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Mel Martin
Audiophile Audition, June 2016

The Pacific Chorale and Orchestra played faultlessly, and the producers of this recording captured these performances in a very realistic way.

Bolcom is always interesting, and these two works will please lovers of contemporary music. Prometheus is the highlight of the disc to my ear, but the entire disc is beyond reproach musically and technically. © 2016 Audiophile Audition Read complete review



Huntley Dent
Fanfare, May 2016

[René Barbera’s] part is demanding, at times florid and high-flying, always passionate. © 2016 Fanfare Read complete review



Richard S. Ginell
Classical Voice North America, April 2016

The PSO finally recorded the piece [William Bolcom’s song cycle Canciones de Lorca] after a seven-year wait—without [Plácido] Domingo, alas, but with an excellent tenor, René Barbera, who gives a beautiful, clear-voiced account of the vocal line.

The companion work, Prometheus, with a text by Lord Byron chanted and sung by the Pacific Chorale and an extensive solo piano part expertly handled by Jeffrey Biegel, is something else entirely. The model for the forces involved may have been Beethoven’s Choral Fantasy, but there is little uplift in this weighty, rugged, troubled soundscape, almost the polar opposite of the eclectic, populist Bolcom of Canciones. Edge to Canciones in this coupling. © 2016 Classical Voice North America Read complete review



Grego Applegate Edwards
Gapplegate Classical-Modern Music Review, March 2016

[Canciones de Lorca] takes on the various moods of the poetry and Bolcolm shows genuine brilliance combining Spanish traditional strains with contemporary Bolcomism. Barbera is dramatic and expressive in his role, originally fashioned for Placido Domingo. Those are big shoes to fill but Barbera holds his own. The orchestral parts breathe in ingenious ways.

“Prometheus” is somewhat more thoroughly modern and expressionist. …The music is exceedingly well crafted and luminous in its dark brooding, though that may sound contradictory. Tonality and dissonance stand side-by-side and work together for a result that brings the whole convincingly together and creates a complex set of moods well suited to the subject matter. © 2016 Gapplegate Classical-Modern Music Review Read complete review



Allen Gimbel
American Record Guide, March 2016

…Iberian-tinged songs written for Domingo, and performed here with flair by Sr Barbera. …Expressive and thoughtful, they are, like the poems, moving and communicative. © 2016 American Record Guide Read complete review on American Record Guide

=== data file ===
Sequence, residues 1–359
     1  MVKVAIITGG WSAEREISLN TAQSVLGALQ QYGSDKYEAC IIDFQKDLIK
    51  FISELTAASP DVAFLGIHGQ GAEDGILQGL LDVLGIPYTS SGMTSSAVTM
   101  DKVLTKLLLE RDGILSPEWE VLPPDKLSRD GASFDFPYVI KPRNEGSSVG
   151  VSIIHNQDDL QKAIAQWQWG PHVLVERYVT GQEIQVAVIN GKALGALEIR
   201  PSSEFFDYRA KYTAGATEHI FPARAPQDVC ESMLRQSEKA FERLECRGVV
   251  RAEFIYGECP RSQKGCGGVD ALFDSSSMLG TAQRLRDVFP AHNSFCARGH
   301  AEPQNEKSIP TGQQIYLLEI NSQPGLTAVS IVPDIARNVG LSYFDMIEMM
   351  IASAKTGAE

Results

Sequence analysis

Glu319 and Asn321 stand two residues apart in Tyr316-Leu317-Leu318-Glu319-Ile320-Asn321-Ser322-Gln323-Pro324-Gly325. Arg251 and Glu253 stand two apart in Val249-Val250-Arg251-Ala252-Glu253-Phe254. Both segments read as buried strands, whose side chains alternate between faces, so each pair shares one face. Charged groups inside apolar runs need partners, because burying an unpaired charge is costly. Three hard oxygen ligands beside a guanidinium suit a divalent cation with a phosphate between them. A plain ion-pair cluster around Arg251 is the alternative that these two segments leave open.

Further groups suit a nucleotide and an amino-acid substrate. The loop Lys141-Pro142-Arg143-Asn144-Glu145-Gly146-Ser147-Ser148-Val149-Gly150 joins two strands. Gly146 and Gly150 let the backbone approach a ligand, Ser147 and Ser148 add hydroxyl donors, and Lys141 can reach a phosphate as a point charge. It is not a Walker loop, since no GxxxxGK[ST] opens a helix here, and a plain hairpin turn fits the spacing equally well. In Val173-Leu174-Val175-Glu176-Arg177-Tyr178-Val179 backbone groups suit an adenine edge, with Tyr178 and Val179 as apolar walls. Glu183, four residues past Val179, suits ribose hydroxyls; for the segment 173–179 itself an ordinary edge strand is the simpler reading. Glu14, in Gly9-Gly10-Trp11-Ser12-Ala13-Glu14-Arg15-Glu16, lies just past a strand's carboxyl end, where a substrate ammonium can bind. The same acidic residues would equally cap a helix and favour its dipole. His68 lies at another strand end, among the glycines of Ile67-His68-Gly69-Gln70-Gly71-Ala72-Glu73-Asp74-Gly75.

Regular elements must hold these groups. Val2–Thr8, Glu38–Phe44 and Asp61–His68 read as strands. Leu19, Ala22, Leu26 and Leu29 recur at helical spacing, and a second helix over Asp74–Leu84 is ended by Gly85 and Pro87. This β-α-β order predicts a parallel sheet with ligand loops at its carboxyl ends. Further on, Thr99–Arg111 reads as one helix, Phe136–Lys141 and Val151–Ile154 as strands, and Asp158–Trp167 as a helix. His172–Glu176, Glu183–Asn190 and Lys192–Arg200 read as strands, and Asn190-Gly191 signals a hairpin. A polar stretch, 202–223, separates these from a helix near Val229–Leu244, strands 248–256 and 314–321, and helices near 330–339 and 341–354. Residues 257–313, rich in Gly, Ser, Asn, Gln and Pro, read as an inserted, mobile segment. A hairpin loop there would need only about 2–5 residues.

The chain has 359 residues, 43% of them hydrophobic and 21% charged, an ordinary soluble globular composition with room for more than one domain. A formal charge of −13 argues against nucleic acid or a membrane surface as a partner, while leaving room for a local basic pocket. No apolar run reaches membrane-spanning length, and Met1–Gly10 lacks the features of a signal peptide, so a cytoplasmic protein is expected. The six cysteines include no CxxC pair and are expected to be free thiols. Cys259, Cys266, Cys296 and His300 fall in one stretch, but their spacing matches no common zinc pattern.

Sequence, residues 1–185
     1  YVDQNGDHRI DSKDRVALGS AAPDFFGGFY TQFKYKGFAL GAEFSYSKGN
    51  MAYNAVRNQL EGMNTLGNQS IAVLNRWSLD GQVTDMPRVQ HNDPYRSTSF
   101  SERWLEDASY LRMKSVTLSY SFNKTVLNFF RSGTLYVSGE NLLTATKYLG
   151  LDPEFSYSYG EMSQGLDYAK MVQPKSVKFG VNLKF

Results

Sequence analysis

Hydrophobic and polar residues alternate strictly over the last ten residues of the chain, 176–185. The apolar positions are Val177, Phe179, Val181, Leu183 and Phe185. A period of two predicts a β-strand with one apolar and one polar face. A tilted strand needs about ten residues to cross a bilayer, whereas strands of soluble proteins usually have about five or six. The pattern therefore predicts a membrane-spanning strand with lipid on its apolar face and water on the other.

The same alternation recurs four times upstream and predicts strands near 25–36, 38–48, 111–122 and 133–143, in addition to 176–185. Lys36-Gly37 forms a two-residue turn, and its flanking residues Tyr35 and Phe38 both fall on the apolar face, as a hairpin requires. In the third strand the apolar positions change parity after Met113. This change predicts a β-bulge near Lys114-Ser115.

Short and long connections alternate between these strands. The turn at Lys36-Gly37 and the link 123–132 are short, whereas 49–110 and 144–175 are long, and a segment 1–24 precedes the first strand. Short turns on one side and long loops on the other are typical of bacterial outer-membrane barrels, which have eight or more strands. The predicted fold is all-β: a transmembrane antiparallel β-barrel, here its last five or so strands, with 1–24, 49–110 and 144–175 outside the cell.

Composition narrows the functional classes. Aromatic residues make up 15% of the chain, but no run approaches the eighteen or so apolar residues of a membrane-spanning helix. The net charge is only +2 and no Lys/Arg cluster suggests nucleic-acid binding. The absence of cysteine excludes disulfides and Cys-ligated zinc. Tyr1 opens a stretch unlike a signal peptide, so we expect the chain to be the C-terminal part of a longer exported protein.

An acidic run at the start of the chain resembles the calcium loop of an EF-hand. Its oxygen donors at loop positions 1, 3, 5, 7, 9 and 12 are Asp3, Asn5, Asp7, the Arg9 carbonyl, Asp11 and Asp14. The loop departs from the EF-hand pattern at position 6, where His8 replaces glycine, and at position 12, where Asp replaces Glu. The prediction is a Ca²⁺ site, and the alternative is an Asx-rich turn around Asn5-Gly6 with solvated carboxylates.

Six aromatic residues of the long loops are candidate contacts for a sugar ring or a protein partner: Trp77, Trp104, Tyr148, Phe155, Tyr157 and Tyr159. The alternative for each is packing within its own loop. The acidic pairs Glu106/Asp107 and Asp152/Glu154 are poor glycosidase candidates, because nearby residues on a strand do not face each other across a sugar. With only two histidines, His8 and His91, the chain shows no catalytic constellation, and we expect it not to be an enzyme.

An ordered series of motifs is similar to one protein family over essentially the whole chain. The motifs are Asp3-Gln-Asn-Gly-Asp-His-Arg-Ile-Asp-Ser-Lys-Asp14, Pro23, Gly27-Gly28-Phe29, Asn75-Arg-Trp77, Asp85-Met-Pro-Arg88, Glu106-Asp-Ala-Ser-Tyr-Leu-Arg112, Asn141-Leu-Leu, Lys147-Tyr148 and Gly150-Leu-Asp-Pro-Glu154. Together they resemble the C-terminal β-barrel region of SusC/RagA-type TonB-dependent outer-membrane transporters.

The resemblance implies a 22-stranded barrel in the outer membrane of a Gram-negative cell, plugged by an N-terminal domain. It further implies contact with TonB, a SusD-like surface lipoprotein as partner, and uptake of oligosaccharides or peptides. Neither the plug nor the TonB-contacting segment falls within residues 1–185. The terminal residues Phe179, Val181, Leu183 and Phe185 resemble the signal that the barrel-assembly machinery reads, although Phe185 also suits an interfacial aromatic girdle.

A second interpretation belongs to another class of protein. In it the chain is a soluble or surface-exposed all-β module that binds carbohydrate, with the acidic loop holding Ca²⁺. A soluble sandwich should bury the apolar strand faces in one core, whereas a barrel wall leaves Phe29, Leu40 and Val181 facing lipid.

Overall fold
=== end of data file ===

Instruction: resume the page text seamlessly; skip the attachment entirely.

Steven A. Kennedy
Cinemusical, February 2016

The orchestra does a great job here perfectly capturing the sense of energy and stylistic qualities of the music.

…the chorus balance also works well with the music carefully put together to create a powerful experience. © 2016 Cinemusical Read complete review



Midwest Tape, January 2016

Winner of a Pulitzer Prize and multiple Grammy Awards, William Bolcom is one of America’s leading composers with a prolific and widely performed catalogue. Written for tenor Plácido Domingo, Canciones de Lorca explores the full variety of that Spanish poet’s surrealistic humor, passion, and mystery. © 2015 Midwest Tape



Infodad.com, December 2015

The performance led by Carl St. Clair is a strong one, attentive to the work’s rhythmic variety and the coloristic effects that Bolcom skillfully evokes. © 2015 Infodad.com Read complete review



David Denton
David's Review Corner, November 2015

In his programme notes for the premiere of Canciones de Lorca, William Bolcom wrote that only the Spanish-speaking world know all about García Lorca’s poems. He was referring to the bleak and tragic poems as the only side of Lorca that had been set to music, his deeper exploration discovering a very diverse range of surrealism, humour, passion, and, most importantly, an Andalusian flamenco tradition. The result was the seven pieces that, together with two orchestral interludes, complete his orchestral song cycle, the voice used with the great flamenco singers in mind. Maybe Bolcom responded in isolation to the various moods of each of the poems, so that an integrated feel to the score was never his intention. That he has a ready gift for producing melody that lodges in our memory, and that he is a most gifted orchestrator, creates a new and most welcome addition to his large portfolio of compositions. Prometheus, using the poem of Lord Byron, came three years later in 2009, Bolcom’s programme notes indicating a work that asks us to look at present-day values, and in an often violent score it looks a bleak future. It was requested by the pianist, Jeffrey Biegel, who asked for a score with the same forces as Beethoven’s Choral Fantasy, with the piano surveying the surrounding events as a commentator. The tenor, René Barbera, is suitably authentic as the Spanish flamenco singer, and in these ‘live’ concert performances, the Pacific Symphony and Pacific Choral are in fine form for their Music Director, Carl St. Clair. The sound is first class and applause thankfully removed. © 2015 David’s Review Corner





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